They say that honesty is the best policy. But have you ever been on the receiving end of someone telling you what they think (of you), and hearing “I’m just being honest?”
Yep, it stings. And often, it’s meant to.
“Those pants don’t look good on you. I’m just being honest.”
“I think you’re really acting immaturely and you need to get your sh*t together. I’m just being honest.”
“I really don’t like your new boyfriend. You need to dump him. What? I’m just being honest.”
When we use the phrase “I’m just being honest here,” it doesn’t usually come after something lovely and positive.
“I really adore your new haircut. I’m just being honest.”
“You are such a wonderfully caring person. I’m just being honest.”
(Okay, maybe some of us say that, especially when our compliments are received with a quizzical look and a “you be crazy, lady” reaction from the recipient who doesn’t see themselves in the same way.)
But the sting doesn’t occur from compliments; it occurs when someone is trying to take us down a notch with their negative opinion and doesn’t feel like being empathetic.
We’d like to think that the person uttering these kinds of pointed statements is just a real jerk, but relatively nice people utter them all the time too.
If someone asks us our opinion about someone or something, and our opinion is negative, what are we to do? Tell a white lie to save their feelings?
We’ve been taught since we were kids that it’s much better to be honest. Honesty is a virtue and lying is bad, and it’s not authentic when we have to pretend.
If we lie and we feel bad about lying, then we can feel guilty. But if we tell our truth, and it hurts the feelings of someone else, then we can feel guilty for that too. It’s a lose-lose situation.
So how do we be honest, without being brutally honest?
The brutality of honesty
Honesty feels brutal when it is expressed without any kind of empathy for the other person’s perspective or feelings.
“I’m just being honest” is the disclaimer — as though the honesty should just stand on its own as a given. There often then follows a certain smugness, like a gold star should be awarded for the candor.
Honesty, in that context, is more about the speaker’s position or opinion and less about the conversation between two people.
It becomes a defensive response couched in the pseudo-polite energy of aggression.The saying “I'm just being honest” is a defensive response couched in the pseudo-polite energy of aggression.Click To Tweet
The honesty is just a delivery mechanism for a brutal blow — a chance to feel superior or more powerful, even if just for a moment.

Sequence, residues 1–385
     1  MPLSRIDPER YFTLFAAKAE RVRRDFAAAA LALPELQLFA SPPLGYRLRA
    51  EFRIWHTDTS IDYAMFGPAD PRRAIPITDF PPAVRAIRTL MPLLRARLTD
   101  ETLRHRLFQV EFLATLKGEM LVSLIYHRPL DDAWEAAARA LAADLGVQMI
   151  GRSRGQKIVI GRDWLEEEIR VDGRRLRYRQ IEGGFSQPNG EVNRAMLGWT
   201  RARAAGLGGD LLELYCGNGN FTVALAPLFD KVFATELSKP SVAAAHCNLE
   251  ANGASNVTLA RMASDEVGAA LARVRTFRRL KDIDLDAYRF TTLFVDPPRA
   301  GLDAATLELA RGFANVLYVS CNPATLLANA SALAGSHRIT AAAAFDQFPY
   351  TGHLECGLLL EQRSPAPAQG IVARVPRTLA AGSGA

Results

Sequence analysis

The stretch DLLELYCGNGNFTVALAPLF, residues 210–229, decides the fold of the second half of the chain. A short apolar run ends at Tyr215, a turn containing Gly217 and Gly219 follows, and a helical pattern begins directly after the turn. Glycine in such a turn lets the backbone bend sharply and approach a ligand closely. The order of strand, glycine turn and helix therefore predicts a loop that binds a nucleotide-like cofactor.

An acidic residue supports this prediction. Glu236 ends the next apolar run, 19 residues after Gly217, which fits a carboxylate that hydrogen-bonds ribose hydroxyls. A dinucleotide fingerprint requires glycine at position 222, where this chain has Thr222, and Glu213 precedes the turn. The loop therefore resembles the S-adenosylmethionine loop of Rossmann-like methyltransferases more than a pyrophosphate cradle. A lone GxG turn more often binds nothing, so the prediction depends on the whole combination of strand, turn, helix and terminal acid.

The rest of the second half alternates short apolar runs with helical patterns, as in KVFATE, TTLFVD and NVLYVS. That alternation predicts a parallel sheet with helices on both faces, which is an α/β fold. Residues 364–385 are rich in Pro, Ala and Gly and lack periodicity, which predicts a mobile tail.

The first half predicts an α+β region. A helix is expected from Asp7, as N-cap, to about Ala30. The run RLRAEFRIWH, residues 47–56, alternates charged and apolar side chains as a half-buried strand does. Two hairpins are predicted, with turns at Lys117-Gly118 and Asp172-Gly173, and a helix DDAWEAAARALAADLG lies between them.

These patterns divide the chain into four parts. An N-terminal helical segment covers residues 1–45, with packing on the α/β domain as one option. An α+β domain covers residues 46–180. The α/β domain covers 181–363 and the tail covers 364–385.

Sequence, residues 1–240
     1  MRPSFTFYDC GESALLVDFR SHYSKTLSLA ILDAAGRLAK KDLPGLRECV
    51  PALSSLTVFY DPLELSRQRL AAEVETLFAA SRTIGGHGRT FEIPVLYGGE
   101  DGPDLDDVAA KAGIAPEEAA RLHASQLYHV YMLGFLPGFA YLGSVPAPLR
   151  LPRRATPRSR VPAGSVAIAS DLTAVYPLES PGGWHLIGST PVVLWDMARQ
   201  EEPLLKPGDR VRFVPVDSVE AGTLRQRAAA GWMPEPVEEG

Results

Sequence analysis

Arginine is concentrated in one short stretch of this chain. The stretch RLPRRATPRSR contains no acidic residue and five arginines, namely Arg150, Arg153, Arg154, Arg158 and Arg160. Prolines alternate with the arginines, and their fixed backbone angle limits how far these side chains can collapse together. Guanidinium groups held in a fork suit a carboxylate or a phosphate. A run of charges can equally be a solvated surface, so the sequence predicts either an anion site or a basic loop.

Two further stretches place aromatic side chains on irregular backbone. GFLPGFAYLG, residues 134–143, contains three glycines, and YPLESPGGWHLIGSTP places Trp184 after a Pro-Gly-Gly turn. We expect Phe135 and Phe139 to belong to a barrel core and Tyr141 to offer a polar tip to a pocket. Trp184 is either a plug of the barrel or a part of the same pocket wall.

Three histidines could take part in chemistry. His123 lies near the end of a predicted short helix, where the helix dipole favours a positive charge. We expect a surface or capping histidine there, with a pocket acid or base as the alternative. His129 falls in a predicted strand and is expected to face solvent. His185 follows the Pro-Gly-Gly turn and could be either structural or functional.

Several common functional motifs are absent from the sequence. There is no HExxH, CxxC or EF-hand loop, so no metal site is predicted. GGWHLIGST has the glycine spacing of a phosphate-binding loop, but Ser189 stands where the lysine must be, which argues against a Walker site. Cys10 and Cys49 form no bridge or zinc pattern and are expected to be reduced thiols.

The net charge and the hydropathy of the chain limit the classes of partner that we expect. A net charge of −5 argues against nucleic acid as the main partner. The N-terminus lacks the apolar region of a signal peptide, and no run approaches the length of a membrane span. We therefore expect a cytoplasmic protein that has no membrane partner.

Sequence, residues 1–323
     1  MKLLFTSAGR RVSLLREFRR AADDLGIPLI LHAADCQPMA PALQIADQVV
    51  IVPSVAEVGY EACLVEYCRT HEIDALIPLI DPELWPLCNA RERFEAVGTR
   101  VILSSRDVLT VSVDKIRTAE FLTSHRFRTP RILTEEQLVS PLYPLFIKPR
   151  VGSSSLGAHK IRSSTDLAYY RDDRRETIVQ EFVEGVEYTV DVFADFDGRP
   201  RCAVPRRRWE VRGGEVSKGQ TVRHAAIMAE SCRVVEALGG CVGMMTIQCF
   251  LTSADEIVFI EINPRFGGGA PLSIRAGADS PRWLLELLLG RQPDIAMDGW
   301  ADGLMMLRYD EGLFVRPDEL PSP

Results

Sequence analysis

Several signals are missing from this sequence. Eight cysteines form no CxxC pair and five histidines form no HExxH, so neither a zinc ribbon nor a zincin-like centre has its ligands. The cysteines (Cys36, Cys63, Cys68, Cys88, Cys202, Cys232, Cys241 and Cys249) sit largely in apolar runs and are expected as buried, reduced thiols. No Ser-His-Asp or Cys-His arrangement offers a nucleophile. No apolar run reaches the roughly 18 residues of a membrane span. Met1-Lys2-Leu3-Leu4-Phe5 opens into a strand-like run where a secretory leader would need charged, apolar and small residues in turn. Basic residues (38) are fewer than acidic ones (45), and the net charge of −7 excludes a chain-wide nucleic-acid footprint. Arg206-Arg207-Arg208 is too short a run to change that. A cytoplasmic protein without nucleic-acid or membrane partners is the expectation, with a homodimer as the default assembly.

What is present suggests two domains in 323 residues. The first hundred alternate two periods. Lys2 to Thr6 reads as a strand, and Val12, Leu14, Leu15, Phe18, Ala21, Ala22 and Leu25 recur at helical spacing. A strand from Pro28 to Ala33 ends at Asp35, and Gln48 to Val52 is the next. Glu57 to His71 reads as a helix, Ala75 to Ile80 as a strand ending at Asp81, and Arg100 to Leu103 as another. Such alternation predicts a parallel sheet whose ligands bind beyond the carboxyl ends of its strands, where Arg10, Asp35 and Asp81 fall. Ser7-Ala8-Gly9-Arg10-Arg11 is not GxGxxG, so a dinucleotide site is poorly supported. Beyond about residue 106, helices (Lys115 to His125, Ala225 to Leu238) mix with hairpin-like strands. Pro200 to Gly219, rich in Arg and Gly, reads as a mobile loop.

When honesty becomes a position in the game of “right” and “wrong,” it stops being an authentic expression. Fixed positions tend to separate people instead of bringing them together.
When we get to that point, blunt honesty without empathy can be hurtful to the recipient. And if the recipient expresses that hurt, then the response is often, “Don’t be so sensitive.” Followed by, “I’m a strong personality. Get used to it.”
It says, “I’m right, and you’re wrong, and the conversation stops here. I’m not interested in being curious about your perspective.”
This is a fine recipe for a relationship breakdown.
Now, this could all be solved if we just stopped asking for anyone else’s opinion (or giving our opinions especially if we haven’t been asked). But that’s not realistic — talking about what we think and how we feel is a necessary part of relationships. And you know what they say about opinions: they’re like certain southern parts of the anatomy and everyone has one. They can’t be avoided.
So what are we to do?
The gentle delivery of honesty
When we share what we think, believe, and feel with people, it requires a certain amount of openness and vulnerability: we care about their perceptions of us because we want to feel liked and accepted. When we differ in our perceptions and experiences, we risk being rejected and that feels bad.
Becoming defensive and stalwart in our position is a way to feel less vulnerable: It’s okay if you reject what I think, because I’m right. I’m being honest. I’m going to validate my opinion over yours and make you the vulnerable one.
Now, most of this is done subconsciously, it’s not even in our awareness — and this reaction is built by habit over years of being triggered in the same way by multiple people in our lives.